Taking advantage of sales and use tax exemptions can save your business money and headaches. But exemptions can be harder to secure in some states than in others.

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In general, exemptions are statutory exceptions eliminating the need for the retailer or business to collect sales tax on a particular transaction or on all transactions with a customer. The presumption is that all sales of tangible personal property are taxable without specific and enumerated exemptions. Different than an exemption, exclusions are “excluded” from statute and are considered non-taxable.  Services are generally excluded from statute and therefore non-taxable – although there are exceptions.  Every state can apply for tax exclusions and exemptions as they see fit on goods and services within their state, but they aren’t required to. It is up to them how and what they exclude or exempt, or it may be a combination of the two.   

Which can of course, make this another complicated piece of sales tax compliance.  

Necessary paperwork for sales tax exemptions 

To prove a sales tax exemption, the customer must provide an exemption certificate.  The most common is a resale exemption certificate.  This exemption certificate is a document that allows registered retailers to buy items for resale without paying sales tax on those items. The business (you) must then review the certificate for completeness and validity. The purchaser has the responsibility for determining whether a sale is exempt from tax. If the purchaser does not submit a valid exemption certificate to the business, the business must assess and collect sales tax. Without the exemption certificate, the state or jurisdiction in which you are registered will expect tax to be collected. So, while the burden does lie with the purchaser, you, the seller, will be expected to validate and cover the costs if they are incorrect. Depending on your situation there are times where you are the purchaser (example: purchase for resale) and other times in which you are the seller. Understand your obligations in each.  

Certificates are generally state-specific unless the business has provided a multi-jurisdiction certificate covering the relevant states (there is no U.S.-wide certificate yet) and generally fall into two categories:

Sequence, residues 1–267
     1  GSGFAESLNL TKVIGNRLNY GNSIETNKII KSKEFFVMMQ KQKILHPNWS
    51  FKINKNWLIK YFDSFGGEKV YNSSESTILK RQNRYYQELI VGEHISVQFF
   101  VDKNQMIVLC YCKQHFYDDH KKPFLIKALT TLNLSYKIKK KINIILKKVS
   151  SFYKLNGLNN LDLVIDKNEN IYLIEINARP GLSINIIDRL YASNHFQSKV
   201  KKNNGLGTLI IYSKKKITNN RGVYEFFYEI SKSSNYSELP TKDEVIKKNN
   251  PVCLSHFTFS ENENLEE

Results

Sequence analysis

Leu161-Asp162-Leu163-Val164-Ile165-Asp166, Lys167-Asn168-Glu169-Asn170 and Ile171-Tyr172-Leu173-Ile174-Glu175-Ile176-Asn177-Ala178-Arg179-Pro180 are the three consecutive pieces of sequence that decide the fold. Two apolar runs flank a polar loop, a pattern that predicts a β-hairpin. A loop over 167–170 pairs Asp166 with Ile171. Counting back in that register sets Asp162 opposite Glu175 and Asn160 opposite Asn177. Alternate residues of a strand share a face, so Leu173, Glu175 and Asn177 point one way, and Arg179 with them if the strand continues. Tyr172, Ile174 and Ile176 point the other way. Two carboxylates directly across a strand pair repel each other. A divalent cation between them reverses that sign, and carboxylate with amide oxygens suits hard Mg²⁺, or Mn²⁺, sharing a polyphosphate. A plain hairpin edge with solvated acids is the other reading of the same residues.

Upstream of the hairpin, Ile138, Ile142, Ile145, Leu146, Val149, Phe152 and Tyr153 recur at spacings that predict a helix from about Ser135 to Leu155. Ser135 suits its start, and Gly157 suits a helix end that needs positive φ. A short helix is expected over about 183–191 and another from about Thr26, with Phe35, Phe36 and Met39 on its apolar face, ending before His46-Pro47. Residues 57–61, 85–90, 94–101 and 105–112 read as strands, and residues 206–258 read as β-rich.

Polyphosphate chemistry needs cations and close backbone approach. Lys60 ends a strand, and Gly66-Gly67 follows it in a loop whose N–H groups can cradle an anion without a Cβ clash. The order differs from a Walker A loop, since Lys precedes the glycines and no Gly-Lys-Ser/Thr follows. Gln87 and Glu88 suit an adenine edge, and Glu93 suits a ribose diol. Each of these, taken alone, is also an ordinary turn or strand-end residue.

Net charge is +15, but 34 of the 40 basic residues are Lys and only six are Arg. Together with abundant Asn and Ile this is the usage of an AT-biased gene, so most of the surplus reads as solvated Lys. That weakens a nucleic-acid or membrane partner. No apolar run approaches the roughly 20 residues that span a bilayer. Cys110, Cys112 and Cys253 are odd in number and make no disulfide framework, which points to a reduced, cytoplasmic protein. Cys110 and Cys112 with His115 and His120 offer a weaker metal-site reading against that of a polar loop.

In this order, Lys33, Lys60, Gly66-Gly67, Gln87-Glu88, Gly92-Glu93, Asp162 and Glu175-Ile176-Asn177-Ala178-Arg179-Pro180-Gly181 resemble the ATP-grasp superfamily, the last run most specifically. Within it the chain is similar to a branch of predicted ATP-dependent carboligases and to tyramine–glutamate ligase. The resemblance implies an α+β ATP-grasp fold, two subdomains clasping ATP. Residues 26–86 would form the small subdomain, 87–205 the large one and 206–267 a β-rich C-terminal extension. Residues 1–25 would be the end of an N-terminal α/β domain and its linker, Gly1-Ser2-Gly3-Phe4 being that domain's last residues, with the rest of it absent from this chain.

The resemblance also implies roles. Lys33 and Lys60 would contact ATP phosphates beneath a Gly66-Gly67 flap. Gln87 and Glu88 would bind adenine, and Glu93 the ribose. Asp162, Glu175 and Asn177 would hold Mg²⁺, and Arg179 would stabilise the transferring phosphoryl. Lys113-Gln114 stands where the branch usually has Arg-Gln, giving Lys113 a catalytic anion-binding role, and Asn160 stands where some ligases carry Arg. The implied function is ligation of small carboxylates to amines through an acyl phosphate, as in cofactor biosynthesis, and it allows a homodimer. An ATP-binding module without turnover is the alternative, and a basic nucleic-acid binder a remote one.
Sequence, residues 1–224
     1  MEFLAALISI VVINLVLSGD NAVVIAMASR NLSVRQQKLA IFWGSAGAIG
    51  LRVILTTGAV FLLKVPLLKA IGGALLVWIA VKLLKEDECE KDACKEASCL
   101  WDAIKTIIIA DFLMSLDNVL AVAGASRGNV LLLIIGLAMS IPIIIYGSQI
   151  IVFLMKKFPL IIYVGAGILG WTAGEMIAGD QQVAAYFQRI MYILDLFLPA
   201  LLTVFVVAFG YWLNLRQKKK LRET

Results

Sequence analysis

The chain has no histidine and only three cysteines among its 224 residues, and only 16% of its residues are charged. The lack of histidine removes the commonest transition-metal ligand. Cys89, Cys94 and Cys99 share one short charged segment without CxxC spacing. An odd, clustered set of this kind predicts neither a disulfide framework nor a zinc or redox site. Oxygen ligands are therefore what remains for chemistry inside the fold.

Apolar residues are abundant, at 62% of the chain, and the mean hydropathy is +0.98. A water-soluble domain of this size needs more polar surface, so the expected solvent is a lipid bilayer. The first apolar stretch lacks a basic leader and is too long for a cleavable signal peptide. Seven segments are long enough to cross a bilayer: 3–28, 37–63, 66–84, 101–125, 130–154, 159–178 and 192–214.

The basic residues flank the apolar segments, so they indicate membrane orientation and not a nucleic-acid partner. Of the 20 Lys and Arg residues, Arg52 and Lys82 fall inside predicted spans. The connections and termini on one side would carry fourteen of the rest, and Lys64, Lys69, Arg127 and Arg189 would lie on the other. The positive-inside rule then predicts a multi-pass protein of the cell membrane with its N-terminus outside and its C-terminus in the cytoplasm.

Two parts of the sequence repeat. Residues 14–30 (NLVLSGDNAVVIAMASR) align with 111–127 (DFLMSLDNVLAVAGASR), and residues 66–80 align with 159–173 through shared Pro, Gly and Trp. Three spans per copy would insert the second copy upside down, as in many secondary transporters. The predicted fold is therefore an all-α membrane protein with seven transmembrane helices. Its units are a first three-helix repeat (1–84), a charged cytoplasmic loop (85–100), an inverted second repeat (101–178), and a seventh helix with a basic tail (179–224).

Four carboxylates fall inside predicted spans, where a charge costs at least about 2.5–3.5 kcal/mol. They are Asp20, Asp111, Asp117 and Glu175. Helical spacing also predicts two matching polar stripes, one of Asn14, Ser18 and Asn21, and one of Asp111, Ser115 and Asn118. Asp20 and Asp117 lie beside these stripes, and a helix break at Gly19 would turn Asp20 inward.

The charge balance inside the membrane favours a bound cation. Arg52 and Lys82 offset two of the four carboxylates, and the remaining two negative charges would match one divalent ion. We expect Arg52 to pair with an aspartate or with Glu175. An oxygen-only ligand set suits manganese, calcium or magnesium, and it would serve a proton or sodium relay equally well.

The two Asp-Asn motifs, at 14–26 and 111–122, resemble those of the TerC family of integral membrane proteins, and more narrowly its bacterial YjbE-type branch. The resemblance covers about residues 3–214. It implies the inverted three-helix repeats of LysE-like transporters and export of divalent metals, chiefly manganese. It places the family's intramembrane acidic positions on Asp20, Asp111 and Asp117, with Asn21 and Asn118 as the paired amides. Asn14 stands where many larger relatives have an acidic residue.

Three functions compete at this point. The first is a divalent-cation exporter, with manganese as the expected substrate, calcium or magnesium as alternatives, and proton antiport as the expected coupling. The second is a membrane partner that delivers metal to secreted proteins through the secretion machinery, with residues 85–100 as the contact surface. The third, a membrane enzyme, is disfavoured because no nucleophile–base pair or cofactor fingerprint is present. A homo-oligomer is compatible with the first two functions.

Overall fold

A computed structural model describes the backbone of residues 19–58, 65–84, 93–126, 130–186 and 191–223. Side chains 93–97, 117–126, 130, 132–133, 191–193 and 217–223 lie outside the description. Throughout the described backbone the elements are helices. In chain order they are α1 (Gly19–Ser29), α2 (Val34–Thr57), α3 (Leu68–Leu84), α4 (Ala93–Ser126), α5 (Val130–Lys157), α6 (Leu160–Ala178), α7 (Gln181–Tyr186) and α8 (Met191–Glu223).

Use-based: Resale exemption certificates are the most common form of exemption certificate. As sales tax is charged at the point of final sale, goods and services bought for resale are often exempt to avoid double taxation. 

Entity-based: Some entities that are not resellers of goods may also be exempt from sales tax. These can include certain charities, churches and religious organizations, education organizations, government/political organizations, trade organizations and others. 

Why exemptions matter 

Besides ensuring you are collecting and remitting the appropriate sales tax, exemptions are an important factor in determining whether you have economic nexus in certain states.  Economic nexus requires remote sellers that may not have previously had a physical presence in a jurisdiction (like a state) to collect sales tax when they hit certain set thresholds in terms of either sales or number of transactions. 

Depending on the state, some states will only consider taxable sales (exempt and non-taxable sales are not considered in these states) in determining whether you have reached their economic nexus thresholds while other states will consider total gross sales. (Take a look at our recent blog on this topic.) 

Where it gets (even more) complicated 

A glance at the number and variety of tax exemption forms for resale shows that some states might be simpler to deal with than others. Idaho and Pennsylvania, for instance, usually require one form. Texas offers nine different forms. Alabama, California, Connecticut, Georgia and New York offer a half-dozen or more. 

In certain situations, more than two-thirds of states accept the resale/exemption certificates issued by other states. Connecticut, Florida (which recently passed economic nexus that will be enacted this summer) and Louisiana accept certificates depending on where the product was packaged and shipped. 

As you consider exemptions, watch such states as Kansas and possibly Missouri, where new economic nexus rules look to kick in soon. Also keep an eye on Alaska, which has no statewide sales tax but where communities are banding together to establish nexus thresholds and require remote sellers to collect and remit local sales tax.  

All of these nuances impact how and why an exemption certificate is utilized. And can make you pretty dizzy when trying to understand your sales tax implications when the majority of states have different laws. If your business may be impacted by changing sales tax conditions and requirements, you don’t have to go it alone. Contact TaxConnex. We can provide services to become your outsourced sales tax department. 

Robert Dumas

Written by Robert Dumas

Accountant, consultant and entrepreneur, Robert Dumas began his public accounting career on the tax staff at Arthur Young & Co., followed by a brief stint at Grant Thornton. In 1998, Robert founded Tax Partners, which became the largest sales tax compliance service bureau in the country, and later sold it to Thomson Corporation. Robert founded TaxConnex in 2011 on the principle that the sales tax industry needed more than automation to truly help clients, thus building within TaxConnex a proprietary platform and network of sales tax experts to truly take sales tax off client’s plates.